December 1, 2008
Reprinted from The Safety Record, V5, I6; Nov/Dec. 2008
WASHINGTON, D.C. – The Designated Seating Position Final Rule has produced confusion around its measuring procedures and provoked controversy for its preemption clause and lack of statistical foundation as the Bush Administration tries to stampede another regulation to completion.
Before the comment period ended on November 24, Safety Research & Strategies, the American Association of Justice and Public Citizen filed petitions for reconsideration. The safety advocates argued that there was no way to determine if the rule would be effective in preventing occupants from using seating positions with no restraints because the agency’s statistical analyses on which the rule was based were weak or non-existent. Specifically, SRS argued that the agency had failed to adhere to the Department of Transportation’s quality data standards in establishing a calculation procedure for determining the number of DSPs. The AAJ focused its objections on the preemption provision in the regulation. The Society of Automotive Engineers raised numerous questions about everything from the measurement of the void to the definition of “trim.”
The Final Rule was published in October three years after the agency proposed a new definition of Designation Seating Position which attempted to prevent manufacturers from featuring extra seating in generously proportioned rear bench seats without the appropriate number of seat belts. The proposed rule also contained a preemption clause, inserted into many federal regulations over the course of the Bush administration.
Under the Final Rule, any seat position with a surface width method that corresponds to a fifth percentile adult female would have to have a seat belt. Under the new definition, which drops the “likely to be used” calculation, a seat location is regarded as having a designated seat if it has a seat surface width of at least 330 mm (13 inches). Any seat with more than 50 inches of hip room should have a minimum of three designated seating positions, unless the seat design or vehicle design clearly prevents a passenger from sitting in the center position.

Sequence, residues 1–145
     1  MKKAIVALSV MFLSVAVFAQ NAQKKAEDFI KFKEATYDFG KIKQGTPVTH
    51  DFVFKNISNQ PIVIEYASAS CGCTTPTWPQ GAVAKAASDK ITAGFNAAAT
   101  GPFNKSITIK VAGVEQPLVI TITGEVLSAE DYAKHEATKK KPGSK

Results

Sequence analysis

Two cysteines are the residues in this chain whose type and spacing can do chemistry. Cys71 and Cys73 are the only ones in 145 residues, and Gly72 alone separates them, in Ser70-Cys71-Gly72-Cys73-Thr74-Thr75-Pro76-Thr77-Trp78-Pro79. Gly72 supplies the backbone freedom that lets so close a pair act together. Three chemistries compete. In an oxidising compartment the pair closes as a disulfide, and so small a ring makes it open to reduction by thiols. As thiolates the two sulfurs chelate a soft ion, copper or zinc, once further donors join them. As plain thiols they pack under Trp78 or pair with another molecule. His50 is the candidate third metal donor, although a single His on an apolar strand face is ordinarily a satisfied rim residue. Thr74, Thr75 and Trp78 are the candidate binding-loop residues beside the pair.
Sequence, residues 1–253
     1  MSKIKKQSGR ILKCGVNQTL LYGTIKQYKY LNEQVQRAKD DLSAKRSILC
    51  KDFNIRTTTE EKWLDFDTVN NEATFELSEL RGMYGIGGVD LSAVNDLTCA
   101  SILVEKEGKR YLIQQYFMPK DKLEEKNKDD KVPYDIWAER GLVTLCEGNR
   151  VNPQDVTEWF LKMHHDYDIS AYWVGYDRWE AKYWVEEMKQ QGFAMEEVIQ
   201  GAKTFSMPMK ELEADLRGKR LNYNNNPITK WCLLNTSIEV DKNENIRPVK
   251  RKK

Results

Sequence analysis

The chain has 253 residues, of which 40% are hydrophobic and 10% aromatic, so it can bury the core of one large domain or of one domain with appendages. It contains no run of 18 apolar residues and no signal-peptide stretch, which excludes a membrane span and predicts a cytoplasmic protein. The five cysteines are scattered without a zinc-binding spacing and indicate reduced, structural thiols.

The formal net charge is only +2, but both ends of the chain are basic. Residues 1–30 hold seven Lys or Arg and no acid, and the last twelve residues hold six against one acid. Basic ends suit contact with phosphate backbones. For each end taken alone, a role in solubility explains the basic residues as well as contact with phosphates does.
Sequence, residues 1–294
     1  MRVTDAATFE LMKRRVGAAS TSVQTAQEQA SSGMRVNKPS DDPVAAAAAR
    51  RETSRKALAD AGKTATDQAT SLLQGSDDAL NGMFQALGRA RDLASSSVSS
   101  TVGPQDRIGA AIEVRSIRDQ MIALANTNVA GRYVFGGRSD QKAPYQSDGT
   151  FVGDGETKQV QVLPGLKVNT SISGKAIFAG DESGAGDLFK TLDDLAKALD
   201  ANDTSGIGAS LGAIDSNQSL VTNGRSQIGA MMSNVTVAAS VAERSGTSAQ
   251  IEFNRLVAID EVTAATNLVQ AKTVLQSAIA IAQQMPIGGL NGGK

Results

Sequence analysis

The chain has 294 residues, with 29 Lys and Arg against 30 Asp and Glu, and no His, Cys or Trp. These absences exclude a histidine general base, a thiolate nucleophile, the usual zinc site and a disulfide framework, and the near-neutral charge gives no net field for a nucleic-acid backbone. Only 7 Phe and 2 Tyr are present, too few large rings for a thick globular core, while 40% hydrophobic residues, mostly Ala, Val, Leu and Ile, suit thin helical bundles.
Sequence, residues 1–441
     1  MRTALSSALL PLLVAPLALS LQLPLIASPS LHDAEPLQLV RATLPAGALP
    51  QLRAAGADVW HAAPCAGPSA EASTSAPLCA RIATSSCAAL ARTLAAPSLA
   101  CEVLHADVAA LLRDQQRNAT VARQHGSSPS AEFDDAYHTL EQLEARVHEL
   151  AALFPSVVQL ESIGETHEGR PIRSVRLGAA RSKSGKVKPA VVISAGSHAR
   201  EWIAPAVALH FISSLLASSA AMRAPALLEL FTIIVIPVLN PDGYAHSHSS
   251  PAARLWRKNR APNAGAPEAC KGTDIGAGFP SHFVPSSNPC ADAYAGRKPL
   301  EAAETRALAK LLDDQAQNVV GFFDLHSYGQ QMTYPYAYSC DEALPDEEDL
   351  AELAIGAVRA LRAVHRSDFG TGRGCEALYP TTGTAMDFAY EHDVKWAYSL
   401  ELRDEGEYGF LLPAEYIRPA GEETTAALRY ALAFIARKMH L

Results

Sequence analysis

Manufacturers could prevent occupants from using a space as a seating position by designing an impediment or gap that meets prescribed dimensions. The separation would be required to contain either: a fixed unpadded impediment that is at least 5 mm (0.2 inches) higher than the highest point on the upper surface; a void that can accommodate a rectangular box 150 mm (5.9 inches) wide; or a parking brake or gear shift handle, that when placed in the lowest possible position, is at least 25 mm (1 inch) higher than the highest point of the seat cushion. The Final Rule also covers previously exempted seats, such as temporary folding or jump seats, and those vehicles currently excluded because their Gross Vehicle Weight Rating (GVWR) exceeds 10,000 lbs.
In their petitions for reconsideration, Public Citizen and Safety Research again objected to the tortured logic that led to the amended definition. Safety Research argued that the agency had violated the Department of Transportation’s own information quality guidelines which require that: “disseminated information is accurate, clear, complete, and unbiased, both as to substance and presentation, and in a proper context. The originating office will use reliable data sources and sound analytical techniques. To the extent possible and consistent with confidentiality protections, the originating office will identify the source of disseminated information so that the public can assess whether the information is objective.”